Is the New Google for Kids as Safe as it Seems?

  • Parents Only

By: Zoe Crane, ellaslist

Many parents today grew up without the internet at home, relying on dad facts and library books to answer the many wondrous questions kids typically ask. The new generation is entirely different, and kids these days can find answers to just about anything at the touch of a button. The issue we have as parents or carers is that there are some things we prefer our kids not to learn about online. Enter Kiddle, a new search engine aimed at children that promises to make searching the web more safe and enjoyable for kids.

What is it?

Kiddle is a search engine like Google, but with a more child-friendly interface, so the home page is a space scene complete with a robot. The first few results are sites the editors of Kiddle have selected themselves as answers that are designed for children while the next few have also been selected manually as answers that may not be specifically for children but are written in simple language and are easy to understand. From that point on the results are the same as doing a Google Safe Search for your search term. Searches deemed inappropriate by the editors are blocked (including Pamela Anderson) telling users their search contained “some bad words” and to try again.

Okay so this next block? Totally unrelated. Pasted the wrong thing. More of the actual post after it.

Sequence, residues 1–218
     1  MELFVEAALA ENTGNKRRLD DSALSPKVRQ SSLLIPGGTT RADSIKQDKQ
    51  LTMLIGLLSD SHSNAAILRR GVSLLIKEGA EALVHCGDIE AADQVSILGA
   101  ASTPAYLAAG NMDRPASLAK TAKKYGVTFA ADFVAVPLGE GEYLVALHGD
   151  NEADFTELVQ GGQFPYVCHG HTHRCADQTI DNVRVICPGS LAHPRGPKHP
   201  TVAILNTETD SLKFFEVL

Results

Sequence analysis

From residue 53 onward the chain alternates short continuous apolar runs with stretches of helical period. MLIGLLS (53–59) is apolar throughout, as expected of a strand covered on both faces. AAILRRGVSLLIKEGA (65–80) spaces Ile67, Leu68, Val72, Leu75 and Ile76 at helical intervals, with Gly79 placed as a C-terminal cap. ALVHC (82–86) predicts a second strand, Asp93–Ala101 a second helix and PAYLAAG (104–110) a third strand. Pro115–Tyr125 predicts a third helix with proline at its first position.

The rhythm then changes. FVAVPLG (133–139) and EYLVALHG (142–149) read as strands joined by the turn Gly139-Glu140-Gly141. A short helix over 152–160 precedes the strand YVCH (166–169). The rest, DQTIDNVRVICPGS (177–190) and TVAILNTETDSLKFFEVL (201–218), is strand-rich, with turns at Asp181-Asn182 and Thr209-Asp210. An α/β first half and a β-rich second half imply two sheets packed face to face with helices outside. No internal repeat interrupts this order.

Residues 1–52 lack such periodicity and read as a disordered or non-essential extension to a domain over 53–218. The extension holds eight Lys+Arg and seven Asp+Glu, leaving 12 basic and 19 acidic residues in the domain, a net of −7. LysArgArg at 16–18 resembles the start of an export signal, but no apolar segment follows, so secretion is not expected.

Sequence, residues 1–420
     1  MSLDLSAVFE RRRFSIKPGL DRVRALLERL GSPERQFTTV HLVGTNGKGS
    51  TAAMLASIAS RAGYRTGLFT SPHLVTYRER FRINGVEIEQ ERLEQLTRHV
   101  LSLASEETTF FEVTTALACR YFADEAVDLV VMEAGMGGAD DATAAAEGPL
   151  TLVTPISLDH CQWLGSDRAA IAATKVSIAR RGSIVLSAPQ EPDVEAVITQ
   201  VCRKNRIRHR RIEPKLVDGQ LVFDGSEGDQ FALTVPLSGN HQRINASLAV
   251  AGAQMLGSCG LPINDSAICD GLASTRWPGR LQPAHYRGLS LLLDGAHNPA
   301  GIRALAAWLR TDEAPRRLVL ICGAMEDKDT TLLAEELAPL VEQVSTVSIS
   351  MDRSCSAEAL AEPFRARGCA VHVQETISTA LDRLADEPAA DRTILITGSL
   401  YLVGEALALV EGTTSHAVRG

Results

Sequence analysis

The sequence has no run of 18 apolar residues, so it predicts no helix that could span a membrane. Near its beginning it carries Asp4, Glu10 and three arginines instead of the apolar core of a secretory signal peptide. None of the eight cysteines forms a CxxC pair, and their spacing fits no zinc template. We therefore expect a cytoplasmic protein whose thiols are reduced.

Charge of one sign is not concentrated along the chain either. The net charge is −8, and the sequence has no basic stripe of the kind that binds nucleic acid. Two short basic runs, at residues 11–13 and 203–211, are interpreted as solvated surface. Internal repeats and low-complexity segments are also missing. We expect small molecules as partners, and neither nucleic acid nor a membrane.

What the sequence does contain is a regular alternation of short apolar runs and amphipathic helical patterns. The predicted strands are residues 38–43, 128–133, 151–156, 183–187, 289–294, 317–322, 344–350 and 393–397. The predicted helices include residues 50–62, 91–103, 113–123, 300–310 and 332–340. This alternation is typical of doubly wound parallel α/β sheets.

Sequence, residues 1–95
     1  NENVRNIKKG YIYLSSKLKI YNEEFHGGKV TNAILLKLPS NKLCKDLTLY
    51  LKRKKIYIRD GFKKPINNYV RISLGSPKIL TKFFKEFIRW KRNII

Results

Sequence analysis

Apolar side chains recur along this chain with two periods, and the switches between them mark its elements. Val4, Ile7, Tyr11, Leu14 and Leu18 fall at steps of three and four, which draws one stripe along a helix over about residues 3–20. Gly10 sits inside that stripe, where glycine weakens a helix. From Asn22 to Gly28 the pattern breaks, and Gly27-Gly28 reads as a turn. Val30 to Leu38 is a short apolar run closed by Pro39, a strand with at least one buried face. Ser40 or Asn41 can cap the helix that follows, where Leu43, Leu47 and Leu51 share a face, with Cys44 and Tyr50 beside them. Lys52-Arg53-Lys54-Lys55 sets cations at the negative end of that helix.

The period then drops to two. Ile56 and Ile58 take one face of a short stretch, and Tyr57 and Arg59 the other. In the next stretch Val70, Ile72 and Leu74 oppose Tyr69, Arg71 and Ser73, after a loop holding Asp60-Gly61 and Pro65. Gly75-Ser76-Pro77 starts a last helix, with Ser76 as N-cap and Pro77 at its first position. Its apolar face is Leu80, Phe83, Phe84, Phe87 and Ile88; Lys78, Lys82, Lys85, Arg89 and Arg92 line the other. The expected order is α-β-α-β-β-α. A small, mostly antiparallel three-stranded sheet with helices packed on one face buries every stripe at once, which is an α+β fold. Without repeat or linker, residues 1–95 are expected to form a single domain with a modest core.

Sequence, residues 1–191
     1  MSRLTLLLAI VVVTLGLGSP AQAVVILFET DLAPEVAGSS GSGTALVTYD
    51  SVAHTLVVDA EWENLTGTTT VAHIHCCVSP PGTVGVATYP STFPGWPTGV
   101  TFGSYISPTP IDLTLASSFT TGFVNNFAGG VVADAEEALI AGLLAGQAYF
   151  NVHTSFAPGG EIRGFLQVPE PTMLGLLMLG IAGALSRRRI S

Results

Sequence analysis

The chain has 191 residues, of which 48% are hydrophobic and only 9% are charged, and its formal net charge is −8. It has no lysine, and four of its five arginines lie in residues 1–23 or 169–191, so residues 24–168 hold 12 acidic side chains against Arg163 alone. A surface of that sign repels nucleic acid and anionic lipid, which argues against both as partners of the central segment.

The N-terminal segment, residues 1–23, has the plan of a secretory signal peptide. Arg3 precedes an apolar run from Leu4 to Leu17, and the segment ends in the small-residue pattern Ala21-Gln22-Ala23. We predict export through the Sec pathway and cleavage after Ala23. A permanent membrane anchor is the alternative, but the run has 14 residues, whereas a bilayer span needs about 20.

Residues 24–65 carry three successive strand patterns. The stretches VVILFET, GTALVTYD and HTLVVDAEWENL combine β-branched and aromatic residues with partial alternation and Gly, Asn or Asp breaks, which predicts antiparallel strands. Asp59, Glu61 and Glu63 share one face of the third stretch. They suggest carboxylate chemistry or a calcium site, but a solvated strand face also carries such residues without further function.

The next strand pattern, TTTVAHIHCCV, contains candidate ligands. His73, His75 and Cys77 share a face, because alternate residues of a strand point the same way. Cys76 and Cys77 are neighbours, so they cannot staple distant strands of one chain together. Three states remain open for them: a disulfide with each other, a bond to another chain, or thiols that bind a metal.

Kiddle

Is it really Google for kids?

Although some media have reported the site is owned by Google, the site is neither owned by nor affiliated with Google. It does look a bit like Google, but the confusion may be due to the fact that the search function is actually a Google search bar using Safe Search, so the results are pulling directly from Google.

Is it safe?

Not completely. While answers edited by the site should be child-friendly, it seems impossible that they have hand-selected responses for every possible search term. The safe search function can also return some questionable results, with some twitter users finding rather inappropriate results for a search for Khloe Kardashian (involving her sex tape) and even a search for the humble bunny resulted in articles about radio hosts killing rabbits.

The Privacy issue

Another feature that has the internet talking is the fact that the site does not store “personally identifiable information”, however as each search is actually a Google function, it is still possible that Google is collecting this information, subject to their own privacy policy.

Our Conclusion

Overall Kiddle is a great tool for young and enquiring minds, with a simple to use interface making it easier for kids to find and understand answers and a little more peace of mind for parents, but if you aren’t ready to have the birds and the bees talk with your five-year-old, you’d better keep an eye on it or you never know what might slip through.

ellaslist wants to hear from you, do your kids use the internet alone? Would you feel safer using Kiddle?

 

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